To help give students a national and international perspective, CSU instituted the Collegiate Readership Program. Free copies of USA Today, The New York Times and The Denver Post are now available to broaden the scope of current events on campus.
I offer three reasons to pick up a copy of the Times next time you walk by the newspaper racks: Nicholas Kristof, David Brooks and Thomas Friedman.
Growing up in the D.C. area, I had more than my fill of talking heads offering nothing more than party-line sound bites. The following three op-ed columnists offer a refreshing dose of crisp writing and real insight.
Everyone should read Nicholas Kristof.
Conservatives will enjoy reading about some of the best human rights work and will be pleased to read a journalist not afraid to praise big-hearted Republicans like Kansas Sen. Sam Brownback.
Liberals will see they have no monopoly when it comes to fighting and caring about sexual slavery, poverty and other forms of human misery.
Anyone with half a heart will be inspired to read about phenomenal but underreported humanitarian efforts overseas and tremble at the atrocities that never make it to the front page.
If you want to save the world, start by reading Kristof’s columns.
I encourage liberals to cross the aisle and read David Brooks, whose analysis of social issues like child development and human capital is superb.
While the far right may find him soft on neoconservative dogma, Brooks is adept at looking at American society keenly.
Brooks’ annual Sidney Awards highlight the best essays of the past year. Rather than separate the wheat from the chaff yourself, take some time each December to see what he gathered.
Anyone with a passing interest in the Middle East, environmental and political impacts of energy, or going into business should look to Thomas Friedman. No other voice can match the depth and breadth Friedman has in all three areas.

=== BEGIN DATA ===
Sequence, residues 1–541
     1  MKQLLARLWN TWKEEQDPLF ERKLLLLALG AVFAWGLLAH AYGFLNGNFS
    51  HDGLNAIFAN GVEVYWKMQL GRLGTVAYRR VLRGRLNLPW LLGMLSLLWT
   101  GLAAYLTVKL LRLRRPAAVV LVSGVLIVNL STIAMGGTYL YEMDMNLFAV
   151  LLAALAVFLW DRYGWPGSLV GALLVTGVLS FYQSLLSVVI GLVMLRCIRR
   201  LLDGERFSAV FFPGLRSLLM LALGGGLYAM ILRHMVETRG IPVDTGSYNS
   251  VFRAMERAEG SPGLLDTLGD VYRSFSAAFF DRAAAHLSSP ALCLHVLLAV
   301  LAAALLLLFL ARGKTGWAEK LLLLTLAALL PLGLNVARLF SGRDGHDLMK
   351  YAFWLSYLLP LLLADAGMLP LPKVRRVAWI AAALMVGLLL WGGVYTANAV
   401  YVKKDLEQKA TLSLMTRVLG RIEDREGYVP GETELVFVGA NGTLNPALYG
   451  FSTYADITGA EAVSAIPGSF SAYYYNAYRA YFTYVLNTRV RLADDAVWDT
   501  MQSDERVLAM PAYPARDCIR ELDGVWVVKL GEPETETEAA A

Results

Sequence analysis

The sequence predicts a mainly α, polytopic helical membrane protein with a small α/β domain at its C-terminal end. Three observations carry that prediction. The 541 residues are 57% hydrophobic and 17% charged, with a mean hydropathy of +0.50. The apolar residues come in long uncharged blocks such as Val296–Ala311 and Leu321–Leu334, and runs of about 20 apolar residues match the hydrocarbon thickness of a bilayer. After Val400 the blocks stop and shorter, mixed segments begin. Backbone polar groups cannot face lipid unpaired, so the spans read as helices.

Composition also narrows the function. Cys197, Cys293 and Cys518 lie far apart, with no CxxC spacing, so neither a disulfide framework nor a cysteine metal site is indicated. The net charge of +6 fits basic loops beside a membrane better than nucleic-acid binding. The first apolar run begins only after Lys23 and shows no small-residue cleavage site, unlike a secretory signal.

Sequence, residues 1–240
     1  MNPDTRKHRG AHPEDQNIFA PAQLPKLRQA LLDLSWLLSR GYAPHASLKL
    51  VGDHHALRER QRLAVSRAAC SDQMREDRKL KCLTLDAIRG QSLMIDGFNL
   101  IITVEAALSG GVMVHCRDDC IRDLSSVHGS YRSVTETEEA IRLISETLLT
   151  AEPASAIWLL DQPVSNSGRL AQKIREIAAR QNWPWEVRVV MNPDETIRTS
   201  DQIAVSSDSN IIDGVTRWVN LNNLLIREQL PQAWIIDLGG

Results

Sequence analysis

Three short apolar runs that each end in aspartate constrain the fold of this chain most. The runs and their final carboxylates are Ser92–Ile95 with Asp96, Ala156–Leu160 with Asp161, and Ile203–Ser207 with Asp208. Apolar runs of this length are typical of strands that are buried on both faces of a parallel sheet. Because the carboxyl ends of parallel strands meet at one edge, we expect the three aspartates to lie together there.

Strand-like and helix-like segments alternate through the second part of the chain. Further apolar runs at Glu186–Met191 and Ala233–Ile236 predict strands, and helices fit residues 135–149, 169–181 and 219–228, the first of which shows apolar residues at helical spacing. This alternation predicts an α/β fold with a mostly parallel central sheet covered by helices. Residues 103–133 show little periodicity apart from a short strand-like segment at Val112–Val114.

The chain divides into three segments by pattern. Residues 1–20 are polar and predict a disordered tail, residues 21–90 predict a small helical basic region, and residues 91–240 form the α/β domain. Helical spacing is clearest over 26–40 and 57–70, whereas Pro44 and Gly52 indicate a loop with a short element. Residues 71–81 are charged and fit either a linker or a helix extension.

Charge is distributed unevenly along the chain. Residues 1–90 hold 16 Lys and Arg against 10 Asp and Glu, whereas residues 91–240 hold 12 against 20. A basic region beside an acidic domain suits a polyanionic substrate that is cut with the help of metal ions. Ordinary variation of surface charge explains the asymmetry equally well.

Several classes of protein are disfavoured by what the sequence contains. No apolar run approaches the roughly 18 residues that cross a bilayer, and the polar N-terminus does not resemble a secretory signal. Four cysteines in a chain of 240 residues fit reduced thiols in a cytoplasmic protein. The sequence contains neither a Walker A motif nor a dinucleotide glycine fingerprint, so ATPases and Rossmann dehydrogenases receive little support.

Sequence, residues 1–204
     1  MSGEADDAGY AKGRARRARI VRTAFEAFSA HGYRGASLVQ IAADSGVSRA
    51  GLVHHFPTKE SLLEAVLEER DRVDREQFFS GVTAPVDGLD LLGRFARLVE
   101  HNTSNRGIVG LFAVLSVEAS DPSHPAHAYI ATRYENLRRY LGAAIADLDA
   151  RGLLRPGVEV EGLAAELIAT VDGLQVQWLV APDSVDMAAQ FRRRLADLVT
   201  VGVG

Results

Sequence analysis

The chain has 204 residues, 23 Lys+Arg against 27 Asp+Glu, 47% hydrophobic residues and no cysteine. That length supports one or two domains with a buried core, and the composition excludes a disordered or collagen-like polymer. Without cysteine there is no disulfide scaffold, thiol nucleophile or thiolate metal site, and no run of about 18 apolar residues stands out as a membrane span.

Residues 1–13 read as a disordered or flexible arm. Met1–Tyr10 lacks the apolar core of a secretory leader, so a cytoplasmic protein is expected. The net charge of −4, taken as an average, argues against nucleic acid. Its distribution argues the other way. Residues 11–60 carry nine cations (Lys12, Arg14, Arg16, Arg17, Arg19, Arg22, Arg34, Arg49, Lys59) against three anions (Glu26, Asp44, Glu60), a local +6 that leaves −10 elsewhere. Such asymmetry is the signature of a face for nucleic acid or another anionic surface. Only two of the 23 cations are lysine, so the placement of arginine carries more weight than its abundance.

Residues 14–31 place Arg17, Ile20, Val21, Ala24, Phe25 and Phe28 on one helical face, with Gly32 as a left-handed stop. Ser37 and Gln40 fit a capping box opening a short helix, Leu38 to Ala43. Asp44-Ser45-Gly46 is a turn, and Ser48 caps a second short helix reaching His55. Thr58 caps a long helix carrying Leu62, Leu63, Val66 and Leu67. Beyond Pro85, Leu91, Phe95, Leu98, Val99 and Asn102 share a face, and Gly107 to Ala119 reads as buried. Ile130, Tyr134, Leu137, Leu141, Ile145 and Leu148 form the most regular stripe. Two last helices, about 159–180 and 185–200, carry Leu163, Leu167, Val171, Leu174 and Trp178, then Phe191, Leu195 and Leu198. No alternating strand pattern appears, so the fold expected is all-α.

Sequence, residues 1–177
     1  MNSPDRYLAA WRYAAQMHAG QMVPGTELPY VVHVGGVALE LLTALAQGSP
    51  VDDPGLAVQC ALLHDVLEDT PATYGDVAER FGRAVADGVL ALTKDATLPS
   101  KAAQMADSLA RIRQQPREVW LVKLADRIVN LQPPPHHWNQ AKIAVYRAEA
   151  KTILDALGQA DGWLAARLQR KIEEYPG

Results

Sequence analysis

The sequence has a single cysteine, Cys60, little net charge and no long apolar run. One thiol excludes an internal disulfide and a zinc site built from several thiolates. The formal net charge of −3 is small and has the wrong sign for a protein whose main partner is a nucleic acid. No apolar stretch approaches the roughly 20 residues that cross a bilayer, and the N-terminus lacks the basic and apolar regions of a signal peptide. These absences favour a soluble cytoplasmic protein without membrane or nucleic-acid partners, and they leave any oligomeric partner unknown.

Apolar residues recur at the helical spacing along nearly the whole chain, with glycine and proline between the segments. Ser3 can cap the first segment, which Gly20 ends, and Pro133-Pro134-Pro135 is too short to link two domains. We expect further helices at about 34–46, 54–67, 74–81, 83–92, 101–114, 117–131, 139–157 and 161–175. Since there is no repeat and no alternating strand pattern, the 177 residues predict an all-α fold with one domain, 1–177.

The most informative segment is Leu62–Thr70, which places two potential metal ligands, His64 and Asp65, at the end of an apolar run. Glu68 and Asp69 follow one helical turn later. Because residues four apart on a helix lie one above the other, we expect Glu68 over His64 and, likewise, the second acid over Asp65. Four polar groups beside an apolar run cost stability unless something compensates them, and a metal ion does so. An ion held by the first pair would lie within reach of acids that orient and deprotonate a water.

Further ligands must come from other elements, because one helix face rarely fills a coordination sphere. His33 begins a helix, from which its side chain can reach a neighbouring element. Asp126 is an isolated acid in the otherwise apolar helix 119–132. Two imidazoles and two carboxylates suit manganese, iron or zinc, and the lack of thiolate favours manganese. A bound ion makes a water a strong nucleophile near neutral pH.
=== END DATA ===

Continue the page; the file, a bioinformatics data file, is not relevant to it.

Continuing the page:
In the past month, he examined how oil prices are linked to the rise and fall of hostile regimes, why the Arab-Muslim community has produced no equivalent of Martin Luther King, and the potential of Montana’s coal fields to produce cleaner energy.
The views of the columnists often clash. If you enjoyed reading Friedman’s bestseller “The World is Flat,” you’ll find he continues on similar themes. Though he remains grounded in reality and has expansive knowledge of Middle Eastern terrorism, his optimism still shines through.
One the other hand, Brooks probably sees a craggier world. He keeps one eye on the isolated mountains of fanaticism.
Read both, and enjoy twice as many compelling arguments.
Between them, Kristof, Brooks and Friedman have been awarded the Pulitzer Prize five times. While no other paper covers CSU as well as the Collegian, a well-informed student body needs a more global outlook than our staff can provide.
I’m proud to be part of a paper so dedicated to its community, but I hope CSU students pick up another paper as well.
Though there are limited copies of the Times available, Morgan Library’s Web site provides electronic access to these columnists. Using the Academic Universe research database allows you to search for years’ worth of columns or just the most recent one.
Keep reading the Collegian, but take ten minutes out of your day to explore the rest of the world as well.
Daniel Gibson-Reinemer is a fishery and wildlife biology masters student. His column appears every Tuesday in the Collegian. Replies and feedback can be sent to email@example.com.